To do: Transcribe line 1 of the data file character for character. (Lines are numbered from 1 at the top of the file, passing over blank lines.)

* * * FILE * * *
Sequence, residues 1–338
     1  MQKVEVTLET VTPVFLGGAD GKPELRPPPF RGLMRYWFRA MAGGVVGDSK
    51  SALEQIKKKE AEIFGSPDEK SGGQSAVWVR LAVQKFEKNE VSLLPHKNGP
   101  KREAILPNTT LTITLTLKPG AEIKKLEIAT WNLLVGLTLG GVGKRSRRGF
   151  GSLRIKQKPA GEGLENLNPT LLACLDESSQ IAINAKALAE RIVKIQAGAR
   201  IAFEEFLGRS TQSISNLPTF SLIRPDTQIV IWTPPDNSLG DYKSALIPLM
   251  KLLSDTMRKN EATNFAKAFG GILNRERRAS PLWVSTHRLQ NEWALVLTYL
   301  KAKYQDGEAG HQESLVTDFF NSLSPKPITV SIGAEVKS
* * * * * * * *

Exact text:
Sequence, residues 1–338